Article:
CHINA Podcast: Story in the Story (1/16/2020 Thu.)

CHINA

Podcast: Story in the Story (1/16/2020 Thu.)

People's Daily app

02:01, January 16, 2020

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From the People's Daily App.

This is Story in the Story.

Unfamiliar with customer service patter, Zhang Jiayuan was often mistaken for an automated message when he started to work for Alipay as a contact staff three years ago.

With a computer in his small bedroom, the 34-year-old hemophiliac managed his own work on an average hourly pay of up to 25 yuan (about $3.60).

"Bills, refund orders, train tickets … where there's a customer with a problem, I'm here to help," Zhang said. A big part of his job is to diffuse the anger of irritated individuals.

Zhang gradually developed various conversation techniques to address both their irritation and urgent problems, while also gaining a sense of fulfillment in the process.

Earning money without leaving his home did surprise Zhang's parents at first.

"I'm grateful to live in this cloud era and have this new job," said Zhang, who was diagnosed with hemophilia when he was in primary school and used to shut himself away from the world, depressed because of his condition.

Today’s Story in the Story looks at how the gig economy is changing job priorities of younger job hunters.

alipay cgtn.jpg

(Photo: CGTN)

In 2015, a job ad in an online chat group helped drag Zhang out of his despair and he signed up with some 100 others, completing various training programs and evaluations, and was hired as a "cloud customer service clerk" of Alipay.

According to Zhang, more than 20,000 people are currently doing the same job, scattered over some 350 cities and counties across the country. Some of whom suffer from rare diseases, just like him, while others were previously held back by physical disabilities.

With over 40 previously unheard of occupations unveiled on its platform, Alipay has created nearly 7 million jobs, showing the magical effect of the digital economy on the labor market, as well as the infinite possibilities it brings.

He Jianhua, a researcher and former deputy head of the Shanghai Academy of Social Sciences, said the digital economy has spurred the gig economy and provided more flexibility to the labor market.

A much more efficient collaborative revolution is almost upon us, He added.

Bus route planners, garbage sorters, AI data annotators and other fancy jobs are just around the corner.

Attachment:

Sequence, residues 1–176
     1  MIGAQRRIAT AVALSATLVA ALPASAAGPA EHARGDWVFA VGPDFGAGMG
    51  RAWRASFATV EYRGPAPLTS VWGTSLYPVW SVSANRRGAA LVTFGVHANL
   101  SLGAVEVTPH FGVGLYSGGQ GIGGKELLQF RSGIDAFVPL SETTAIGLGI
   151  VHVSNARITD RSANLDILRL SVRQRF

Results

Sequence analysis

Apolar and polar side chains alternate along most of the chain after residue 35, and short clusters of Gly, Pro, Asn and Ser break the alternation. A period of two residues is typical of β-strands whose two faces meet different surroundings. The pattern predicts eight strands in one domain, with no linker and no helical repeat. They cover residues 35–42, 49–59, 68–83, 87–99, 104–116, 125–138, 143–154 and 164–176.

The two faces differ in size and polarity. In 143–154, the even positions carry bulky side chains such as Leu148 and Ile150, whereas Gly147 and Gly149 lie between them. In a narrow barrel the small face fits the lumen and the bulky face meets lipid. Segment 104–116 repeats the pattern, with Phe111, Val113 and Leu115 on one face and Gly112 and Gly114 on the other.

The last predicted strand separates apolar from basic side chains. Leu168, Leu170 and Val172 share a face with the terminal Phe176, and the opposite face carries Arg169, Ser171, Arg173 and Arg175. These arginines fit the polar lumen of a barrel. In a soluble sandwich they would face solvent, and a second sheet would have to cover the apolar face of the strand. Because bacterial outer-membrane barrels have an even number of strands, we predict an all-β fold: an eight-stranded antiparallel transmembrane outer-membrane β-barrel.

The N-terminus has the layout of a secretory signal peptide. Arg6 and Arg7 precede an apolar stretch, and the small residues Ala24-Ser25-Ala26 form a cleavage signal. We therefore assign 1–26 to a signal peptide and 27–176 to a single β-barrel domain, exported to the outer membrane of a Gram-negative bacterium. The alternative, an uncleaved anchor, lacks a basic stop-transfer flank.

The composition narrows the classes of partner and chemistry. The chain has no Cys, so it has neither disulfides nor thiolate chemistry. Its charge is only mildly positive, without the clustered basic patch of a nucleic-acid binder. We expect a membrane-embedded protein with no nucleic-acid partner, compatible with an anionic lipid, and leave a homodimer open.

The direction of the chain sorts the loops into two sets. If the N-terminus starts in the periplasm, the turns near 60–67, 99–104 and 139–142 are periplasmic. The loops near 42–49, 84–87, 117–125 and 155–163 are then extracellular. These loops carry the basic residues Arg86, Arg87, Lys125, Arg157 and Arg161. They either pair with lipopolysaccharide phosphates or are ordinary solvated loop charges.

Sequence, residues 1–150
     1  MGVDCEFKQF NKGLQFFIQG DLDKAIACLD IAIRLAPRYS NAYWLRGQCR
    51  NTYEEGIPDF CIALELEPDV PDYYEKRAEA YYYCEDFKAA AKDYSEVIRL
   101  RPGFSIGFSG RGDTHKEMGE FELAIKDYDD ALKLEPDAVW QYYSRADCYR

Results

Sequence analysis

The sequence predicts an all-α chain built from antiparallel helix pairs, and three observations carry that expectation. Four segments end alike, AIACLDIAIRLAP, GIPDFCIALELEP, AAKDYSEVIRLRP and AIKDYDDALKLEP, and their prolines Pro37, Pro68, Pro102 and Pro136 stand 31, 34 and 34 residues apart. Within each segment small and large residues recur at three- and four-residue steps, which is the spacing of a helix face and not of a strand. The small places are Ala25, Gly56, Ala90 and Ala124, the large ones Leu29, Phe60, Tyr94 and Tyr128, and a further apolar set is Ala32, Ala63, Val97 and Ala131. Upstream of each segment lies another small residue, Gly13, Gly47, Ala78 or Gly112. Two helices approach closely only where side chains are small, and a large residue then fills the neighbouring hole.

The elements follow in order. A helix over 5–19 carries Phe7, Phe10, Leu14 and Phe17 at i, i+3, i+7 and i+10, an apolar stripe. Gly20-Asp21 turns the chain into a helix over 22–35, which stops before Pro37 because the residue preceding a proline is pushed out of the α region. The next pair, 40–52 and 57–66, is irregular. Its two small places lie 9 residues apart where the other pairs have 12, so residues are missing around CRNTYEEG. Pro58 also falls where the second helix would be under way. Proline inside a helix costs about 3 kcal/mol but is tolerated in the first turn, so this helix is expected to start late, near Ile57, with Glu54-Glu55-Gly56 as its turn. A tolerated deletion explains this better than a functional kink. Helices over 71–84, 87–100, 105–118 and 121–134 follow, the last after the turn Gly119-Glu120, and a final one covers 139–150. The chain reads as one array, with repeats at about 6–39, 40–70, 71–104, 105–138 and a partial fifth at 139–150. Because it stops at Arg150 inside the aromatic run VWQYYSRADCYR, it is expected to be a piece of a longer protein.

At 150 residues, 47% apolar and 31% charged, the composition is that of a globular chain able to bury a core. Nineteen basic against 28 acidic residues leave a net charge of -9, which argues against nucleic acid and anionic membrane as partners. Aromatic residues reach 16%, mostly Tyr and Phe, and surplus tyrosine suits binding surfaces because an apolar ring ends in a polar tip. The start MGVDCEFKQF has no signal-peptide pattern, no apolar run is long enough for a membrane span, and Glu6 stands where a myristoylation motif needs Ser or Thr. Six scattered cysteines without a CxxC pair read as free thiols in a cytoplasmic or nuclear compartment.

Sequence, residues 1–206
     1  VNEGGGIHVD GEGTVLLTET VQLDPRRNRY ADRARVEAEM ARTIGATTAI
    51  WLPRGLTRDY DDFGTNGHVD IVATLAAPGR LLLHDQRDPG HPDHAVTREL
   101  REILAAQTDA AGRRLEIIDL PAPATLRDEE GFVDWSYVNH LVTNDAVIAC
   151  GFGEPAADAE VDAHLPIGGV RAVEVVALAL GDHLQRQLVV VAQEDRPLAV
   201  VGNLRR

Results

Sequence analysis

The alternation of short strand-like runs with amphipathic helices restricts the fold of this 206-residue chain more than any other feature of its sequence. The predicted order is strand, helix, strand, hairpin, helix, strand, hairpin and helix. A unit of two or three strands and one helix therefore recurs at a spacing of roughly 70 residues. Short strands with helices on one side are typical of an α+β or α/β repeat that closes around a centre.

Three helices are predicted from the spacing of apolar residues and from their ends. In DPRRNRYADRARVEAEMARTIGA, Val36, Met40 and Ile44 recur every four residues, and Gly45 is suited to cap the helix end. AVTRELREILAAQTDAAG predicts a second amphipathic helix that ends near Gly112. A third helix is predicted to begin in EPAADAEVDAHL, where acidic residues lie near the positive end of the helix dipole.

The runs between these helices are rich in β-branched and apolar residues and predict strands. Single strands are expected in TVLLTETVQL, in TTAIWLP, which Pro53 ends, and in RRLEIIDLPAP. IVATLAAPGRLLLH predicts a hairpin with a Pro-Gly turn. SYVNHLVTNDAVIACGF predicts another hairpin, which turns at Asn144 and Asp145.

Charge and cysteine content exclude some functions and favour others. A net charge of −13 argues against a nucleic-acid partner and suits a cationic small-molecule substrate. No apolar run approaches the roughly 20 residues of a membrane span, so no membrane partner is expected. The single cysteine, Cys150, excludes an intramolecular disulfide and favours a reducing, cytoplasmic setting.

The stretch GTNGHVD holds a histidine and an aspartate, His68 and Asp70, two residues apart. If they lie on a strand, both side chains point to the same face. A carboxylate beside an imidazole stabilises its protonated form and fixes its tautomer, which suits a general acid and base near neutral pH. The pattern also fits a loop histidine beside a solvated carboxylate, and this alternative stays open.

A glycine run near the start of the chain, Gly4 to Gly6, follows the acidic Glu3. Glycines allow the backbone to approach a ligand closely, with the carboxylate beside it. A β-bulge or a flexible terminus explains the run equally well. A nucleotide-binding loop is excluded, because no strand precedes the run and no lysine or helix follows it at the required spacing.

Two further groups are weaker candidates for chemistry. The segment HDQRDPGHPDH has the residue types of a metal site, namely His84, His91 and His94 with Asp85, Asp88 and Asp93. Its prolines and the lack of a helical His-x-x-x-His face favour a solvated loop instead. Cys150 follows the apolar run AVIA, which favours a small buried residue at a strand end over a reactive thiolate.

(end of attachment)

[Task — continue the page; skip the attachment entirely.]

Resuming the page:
More importantly, over two-thirds of these jobs are part-time gigs, and about one-third can be completed online, according to an Alipay report, which also noted that half of the new workers live in small cities and counties.

gig cgtn.jpg

(Photo: CGTN)

These gigs are not only for young people. The 180,000 planters and forest rangers who planted trees for numerous online users of the green initiative Ant Forest were all local herders and farmers, more than half of whom were aged over 40.

Meantime, a new survey has suggested that stable employment is no longer prioritized by younger job hunters-a crucial shift that may drive the development of a social security system that is friendly to more casual job holders. The shift appears to be the result of increasing career mobility.

Workers for small, private employers, or those employed through casual arrangements offered by online app-based companies such as the car-hailing or food delivery platforms, are generally covered by fewer or even no security programs.

The Blue Book of China's Society, released by the Chinese Academy of Social Sciences, described the trend as a departure from the norm, since security and job benefits are heavily dependent upon one's employer.

The sudden rise of internet-based jobs has rendered the original social security arrangements incapable of safeguarding the rights of those working in the shadow of the gig economy, according to Zhang Haidong, a sociology professor at Shanghai University who studies social mobility.

"That has revolutionized the traditional values in job selection," he said.

The professor added that the traditional security model will be forced to make adjustments as it leaves an increasing number of workers untended to, though it may be a lengthy process.

(Produced by Nancy Yan Xu, Brian Lowe, Lance Crayon and Paris Yelu Xu. Music by: bensound.com. Text from Xinhua and China Daily.)


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